Apprentice (software)

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Apprentice is a program that assists in playing Magic: The Gathering over the Internet and maintains a searchable database of Magic cards. It was developed by Dragonstar Studios from 1996 to 1999 and based on an earlier program from 1995 by Tan Thor Jen.[1] Christopher Warden, owner of Dragonstar Studios, acquired the source code for the original 1995 Apprentice, which was written in Visual Basic. It was then ported to Delphi by Mike Allen and after creation of the 1.0 port development was continued by Ryan Davis. The last release was in the version 1.4 branch and a 2.0 branch, developed by Davis, was promised in the future.[2] However, Dragonstar Studios disbanded. In 2007 Apprentice 2.0 was open sourced on Sourceforge.[3] In 2012 Apprentice started being updated again, with a new website created.[4]


Apprentice lacks a rules engine; the game moves forward by the players typing out their current actions. Apprentice simply provides an interface that can keep track of the current phase of the game; cards in play and their current state; and cards in the graveyard.[5] There is no concept of card ownership; players may use as many copies of a card as they would like in decks they create.[6] Cards which interact with sideboards such as the Judgment "wishes" or the Dissension split card Research/Development are not implemented directly, and are instead usually adjudicated by creating temporary new cards on the spot.

The old 1.46 is freeware and is downloadable without need for either charge or registration.[7] The current version is free while it is in beta,[8] pricing model of full version is currently unknown. However, when Dragonstar Studios disbanded, they did not release the Apprentice 1.0 source code due to the legal agreement between them and Wizards of the Coast.[9] Hence, the 1.0 branch is frozen in time without the possibility of any future upgrades or bugfixes. However, the simple data format used to store cards has allowed new sets to be added and the registry of cards updated.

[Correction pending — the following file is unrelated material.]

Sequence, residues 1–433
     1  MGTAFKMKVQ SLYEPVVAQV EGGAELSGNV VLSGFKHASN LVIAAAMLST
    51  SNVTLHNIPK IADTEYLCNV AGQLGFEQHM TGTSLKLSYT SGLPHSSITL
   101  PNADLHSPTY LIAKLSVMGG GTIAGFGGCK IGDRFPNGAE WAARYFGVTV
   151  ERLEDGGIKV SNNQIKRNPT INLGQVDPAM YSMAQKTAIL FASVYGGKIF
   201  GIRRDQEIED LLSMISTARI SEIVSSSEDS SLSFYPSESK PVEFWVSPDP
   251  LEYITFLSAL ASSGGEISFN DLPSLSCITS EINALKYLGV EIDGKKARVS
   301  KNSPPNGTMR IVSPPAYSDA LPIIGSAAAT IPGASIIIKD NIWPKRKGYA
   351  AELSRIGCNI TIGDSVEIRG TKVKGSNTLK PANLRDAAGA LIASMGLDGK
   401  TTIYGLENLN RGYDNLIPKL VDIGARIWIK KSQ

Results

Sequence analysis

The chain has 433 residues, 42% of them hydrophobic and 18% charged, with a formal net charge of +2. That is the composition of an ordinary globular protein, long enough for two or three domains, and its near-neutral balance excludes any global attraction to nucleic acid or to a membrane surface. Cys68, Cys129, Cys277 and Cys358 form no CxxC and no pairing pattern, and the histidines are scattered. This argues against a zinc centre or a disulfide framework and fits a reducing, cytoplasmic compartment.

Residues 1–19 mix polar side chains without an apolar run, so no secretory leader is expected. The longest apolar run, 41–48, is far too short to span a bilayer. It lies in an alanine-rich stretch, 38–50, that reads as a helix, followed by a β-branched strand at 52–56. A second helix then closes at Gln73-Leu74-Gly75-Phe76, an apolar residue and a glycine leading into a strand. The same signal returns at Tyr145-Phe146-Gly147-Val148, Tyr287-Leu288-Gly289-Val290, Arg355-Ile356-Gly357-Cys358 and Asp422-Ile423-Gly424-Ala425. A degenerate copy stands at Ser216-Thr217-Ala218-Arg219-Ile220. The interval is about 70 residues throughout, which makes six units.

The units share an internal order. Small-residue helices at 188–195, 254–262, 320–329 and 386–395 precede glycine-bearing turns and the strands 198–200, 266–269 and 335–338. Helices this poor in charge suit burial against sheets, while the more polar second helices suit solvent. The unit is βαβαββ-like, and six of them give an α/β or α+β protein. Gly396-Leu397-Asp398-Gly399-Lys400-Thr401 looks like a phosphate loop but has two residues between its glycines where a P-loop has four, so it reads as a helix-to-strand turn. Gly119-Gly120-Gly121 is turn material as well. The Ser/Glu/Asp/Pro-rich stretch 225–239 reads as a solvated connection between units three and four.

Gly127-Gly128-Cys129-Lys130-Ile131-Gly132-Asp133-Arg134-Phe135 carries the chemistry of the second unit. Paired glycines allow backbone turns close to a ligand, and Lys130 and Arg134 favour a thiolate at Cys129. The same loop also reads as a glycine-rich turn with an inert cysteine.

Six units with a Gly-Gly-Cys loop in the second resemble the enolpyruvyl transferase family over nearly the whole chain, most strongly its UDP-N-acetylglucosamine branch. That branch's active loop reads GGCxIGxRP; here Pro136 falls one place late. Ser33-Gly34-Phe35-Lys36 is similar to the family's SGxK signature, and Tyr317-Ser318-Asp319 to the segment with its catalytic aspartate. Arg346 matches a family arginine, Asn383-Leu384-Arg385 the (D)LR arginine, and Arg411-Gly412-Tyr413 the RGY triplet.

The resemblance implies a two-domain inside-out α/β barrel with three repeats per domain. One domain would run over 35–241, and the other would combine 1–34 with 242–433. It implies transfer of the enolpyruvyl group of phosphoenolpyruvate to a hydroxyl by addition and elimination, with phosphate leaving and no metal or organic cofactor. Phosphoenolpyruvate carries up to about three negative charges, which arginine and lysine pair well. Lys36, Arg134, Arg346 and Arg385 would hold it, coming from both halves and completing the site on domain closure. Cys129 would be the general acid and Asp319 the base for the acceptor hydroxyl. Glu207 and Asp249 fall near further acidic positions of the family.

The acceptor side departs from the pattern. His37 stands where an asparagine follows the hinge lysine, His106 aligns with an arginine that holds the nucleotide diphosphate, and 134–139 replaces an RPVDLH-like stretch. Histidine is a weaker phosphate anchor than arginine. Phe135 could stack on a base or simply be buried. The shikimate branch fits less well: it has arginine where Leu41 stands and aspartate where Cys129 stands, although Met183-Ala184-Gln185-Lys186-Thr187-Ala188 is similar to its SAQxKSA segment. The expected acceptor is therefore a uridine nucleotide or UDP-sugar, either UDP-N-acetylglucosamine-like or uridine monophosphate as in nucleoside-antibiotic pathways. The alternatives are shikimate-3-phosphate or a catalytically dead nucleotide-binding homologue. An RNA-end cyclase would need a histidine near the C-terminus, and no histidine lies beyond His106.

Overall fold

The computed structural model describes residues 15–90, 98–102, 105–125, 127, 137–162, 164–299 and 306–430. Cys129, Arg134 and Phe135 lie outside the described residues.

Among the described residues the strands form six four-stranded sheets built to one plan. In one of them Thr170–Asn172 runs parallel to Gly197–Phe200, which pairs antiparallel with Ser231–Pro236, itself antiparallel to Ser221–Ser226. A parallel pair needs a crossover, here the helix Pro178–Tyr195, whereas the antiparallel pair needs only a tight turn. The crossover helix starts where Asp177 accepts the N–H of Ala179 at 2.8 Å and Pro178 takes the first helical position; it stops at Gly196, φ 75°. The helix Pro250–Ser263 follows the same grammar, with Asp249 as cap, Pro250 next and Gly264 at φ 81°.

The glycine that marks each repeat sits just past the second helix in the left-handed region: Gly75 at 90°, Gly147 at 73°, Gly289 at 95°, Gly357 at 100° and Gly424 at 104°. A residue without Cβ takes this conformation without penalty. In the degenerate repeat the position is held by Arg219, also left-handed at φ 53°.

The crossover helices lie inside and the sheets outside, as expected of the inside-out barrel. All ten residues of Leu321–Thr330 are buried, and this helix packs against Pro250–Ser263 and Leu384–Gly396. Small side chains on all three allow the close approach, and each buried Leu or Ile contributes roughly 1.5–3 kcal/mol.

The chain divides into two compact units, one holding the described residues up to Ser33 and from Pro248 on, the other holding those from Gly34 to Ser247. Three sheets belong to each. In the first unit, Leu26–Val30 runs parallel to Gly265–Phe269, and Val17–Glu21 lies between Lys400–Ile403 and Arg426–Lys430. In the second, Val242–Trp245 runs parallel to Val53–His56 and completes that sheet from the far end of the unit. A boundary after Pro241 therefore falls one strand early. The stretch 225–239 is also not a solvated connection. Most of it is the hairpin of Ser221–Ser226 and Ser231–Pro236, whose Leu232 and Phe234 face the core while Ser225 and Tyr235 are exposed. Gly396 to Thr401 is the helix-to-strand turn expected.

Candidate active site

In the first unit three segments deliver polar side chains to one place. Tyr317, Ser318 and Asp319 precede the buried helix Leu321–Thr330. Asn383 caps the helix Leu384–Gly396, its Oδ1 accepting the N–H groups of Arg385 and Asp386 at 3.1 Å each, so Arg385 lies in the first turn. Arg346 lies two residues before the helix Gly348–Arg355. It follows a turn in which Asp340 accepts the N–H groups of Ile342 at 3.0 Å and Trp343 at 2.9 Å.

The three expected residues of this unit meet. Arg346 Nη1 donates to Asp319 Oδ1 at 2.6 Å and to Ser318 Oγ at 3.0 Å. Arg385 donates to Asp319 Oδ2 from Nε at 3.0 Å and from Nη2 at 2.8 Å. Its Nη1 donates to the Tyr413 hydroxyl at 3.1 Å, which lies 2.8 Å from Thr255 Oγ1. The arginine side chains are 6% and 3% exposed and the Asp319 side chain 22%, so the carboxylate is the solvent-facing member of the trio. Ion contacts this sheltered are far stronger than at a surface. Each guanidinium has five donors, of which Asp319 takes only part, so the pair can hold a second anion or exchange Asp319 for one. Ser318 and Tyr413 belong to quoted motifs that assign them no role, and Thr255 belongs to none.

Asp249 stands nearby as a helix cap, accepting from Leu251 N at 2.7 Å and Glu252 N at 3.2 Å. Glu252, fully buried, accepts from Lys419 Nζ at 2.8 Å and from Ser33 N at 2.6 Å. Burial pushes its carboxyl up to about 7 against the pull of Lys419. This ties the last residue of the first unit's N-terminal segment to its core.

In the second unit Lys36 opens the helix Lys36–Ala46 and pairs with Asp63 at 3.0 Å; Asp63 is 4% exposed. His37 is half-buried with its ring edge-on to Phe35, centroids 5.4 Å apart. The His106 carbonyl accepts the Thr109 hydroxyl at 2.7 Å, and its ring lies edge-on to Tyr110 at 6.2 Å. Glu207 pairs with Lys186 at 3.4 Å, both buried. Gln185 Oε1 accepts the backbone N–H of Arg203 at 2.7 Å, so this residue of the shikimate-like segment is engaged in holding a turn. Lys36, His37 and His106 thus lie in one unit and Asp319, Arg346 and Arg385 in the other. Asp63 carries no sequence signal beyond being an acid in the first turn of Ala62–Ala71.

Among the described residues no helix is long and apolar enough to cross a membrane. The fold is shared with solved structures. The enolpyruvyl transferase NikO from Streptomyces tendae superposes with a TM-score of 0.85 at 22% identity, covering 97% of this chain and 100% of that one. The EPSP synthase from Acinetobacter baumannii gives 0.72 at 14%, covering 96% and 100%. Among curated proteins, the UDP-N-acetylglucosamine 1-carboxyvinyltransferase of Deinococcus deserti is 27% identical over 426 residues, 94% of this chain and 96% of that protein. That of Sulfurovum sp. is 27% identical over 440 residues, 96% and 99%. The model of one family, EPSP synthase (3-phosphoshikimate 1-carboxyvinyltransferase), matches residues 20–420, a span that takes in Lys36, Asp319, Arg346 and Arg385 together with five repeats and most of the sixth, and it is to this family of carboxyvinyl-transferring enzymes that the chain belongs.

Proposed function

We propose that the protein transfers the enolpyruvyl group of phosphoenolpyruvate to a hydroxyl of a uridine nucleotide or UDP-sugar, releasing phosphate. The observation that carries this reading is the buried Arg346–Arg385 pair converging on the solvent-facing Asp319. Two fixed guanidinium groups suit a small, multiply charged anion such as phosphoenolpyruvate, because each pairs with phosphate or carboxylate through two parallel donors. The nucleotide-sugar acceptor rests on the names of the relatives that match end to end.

Apprentice was officially acknowledged and licensed by Wizards of the Coast, as it only uses publicly available rules and lists of cards.


Netdraft is the main program used by both Apprentice and Magic Workstation to support "drafts," a popular limited format. Netdraft hosts up to 8 players who may draft from any magic set.[10] This includes out of print sets as well as the most recent set in the interval between the Prerelease event and the street release. Unlike the original Apprentice, Netdraft has been occasionally updated, and is currently spartan but functional.[citation needed]


Apprentice's usage was threatened with the proliferation of the "Backwash" program which allowed undetectable cheating;[9] for example, the ordering of each player's library. This program threatened the viability of Apprentice in leagues where any kind of prizes were available. An update was created that allegedly allowed the staff to check for the use of such 'cheat' programs, however.[11] Apprentice 2.0 includes encryption to prevent these types of exploits.[citation needed]

Supported games[edit]

Games currently supported are Magic: the Gathering and Star Trek Customizable Card Game (2nd Edition only as of now), more games are planned to be added.

See also[edit]


  1. ^ "Apprentice: Play Magic Via Modem". 1995-12-08. Retrieved 2007-04-06.
  2. ^ "More Apprentice 2.0 Screens". 2006-12-13. Archived from the original on December 21, 2004. Retrieved 2006-12-06.
  3. ^ "Apprentice 2.0 | Download Apprentice 2.0 software for free at". 2007-06-22. Retrieved 2011-06-26.
  4. ^ Studios, Dragonstar. "Apprentice". Apprentice 2.0 Card Game App.
  5. ^ Zvi Mowshowitz (2005-06-22). "VHS, Betamax and DVD: MWS, Apprentice and Magic Online". Retrieved 2006-12-06.
  6. ^ "Apprentice Walkthrough / Guide at Magic-League". Retrieved 2006-12-06.
  7. ^ "Download Apprentice". Archived from the original on 6 November 2006. Retrieved 2006-12-06.
  8. ^ "Apprentice". Retrieved 2012-08-12.
  9. ^ a b The Ferret (2001-12-03). "Wizards Wrote Me A Very Large Check, That's Why". Archived from the original on 13 November 2006. Retrieved 2006-12-06.
  10. ^ "Netdraft Guide". Archived from the original on 2004-10-19. Retrieved 2006-12-06.
  11. ^ "MTGOnline Responds: Why Apprentice Works, And Why You Can Play Safely For Free". 2001-12-03. Retrieved 2006-12-06.

External links[edit]